How to Do If Going to Japan but Have Tattoos?
The Japanese people’s aversion to tattoos stems from the punishment of tattooing criminals dating back to the Edo period. Tattoos were forbidden in this country in 1872, but were later reinstated in 1948.
Japanese people still have prejudices toward tattoos nowadays. They believe that this form of art is related with the Yakuza, a Japanese gang that specialized in tattooing its members’ entire bodies.
Tattooed people are frequently denied entrance to public places such as saunas, beaches, gyms, hot springs, and swimming pools…
Tattoos are not forbidden, but they can inhibit visitors from fully experiencing Japan.
Tourists can conceal tattoos by wearing long-sleeved shirts, long pants, or accessories (bracelets, scarves,…). Furthermore, if the tattoo is minor, they can conceal it with a bandage or by using thick makeup.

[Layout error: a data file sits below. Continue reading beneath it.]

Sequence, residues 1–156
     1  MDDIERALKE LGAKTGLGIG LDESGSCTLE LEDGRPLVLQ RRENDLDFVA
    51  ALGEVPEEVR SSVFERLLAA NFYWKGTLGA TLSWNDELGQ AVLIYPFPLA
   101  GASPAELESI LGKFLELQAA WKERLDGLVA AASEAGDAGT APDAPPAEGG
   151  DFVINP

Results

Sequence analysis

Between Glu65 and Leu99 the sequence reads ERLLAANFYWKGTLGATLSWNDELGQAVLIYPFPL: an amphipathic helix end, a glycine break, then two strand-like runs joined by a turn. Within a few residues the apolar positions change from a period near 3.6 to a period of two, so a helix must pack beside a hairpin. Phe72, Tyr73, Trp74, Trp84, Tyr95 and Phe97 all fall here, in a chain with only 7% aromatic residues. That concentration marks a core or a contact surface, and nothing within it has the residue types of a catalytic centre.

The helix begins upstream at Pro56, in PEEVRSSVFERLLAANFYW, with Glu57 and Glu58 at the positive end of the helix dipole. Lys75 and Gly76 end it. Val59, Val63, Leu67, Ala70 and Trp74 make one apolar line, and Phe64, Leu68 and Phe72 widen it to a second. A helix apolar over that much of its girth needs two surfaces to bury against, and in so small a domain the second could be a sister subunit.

Some places have signs preventing people from having tattoos, therefore visitors must plan ahead of time or use language translation tools to avoid making mistakes.
Guests who choose Airbnb housing (sharing accommodation or renting a property from locals) must openly discuss having a tattoo with the homeowner before visiting. This allows tourists to avoid making others uncomfortable while simultaneously expressing respect for the host country’s culture.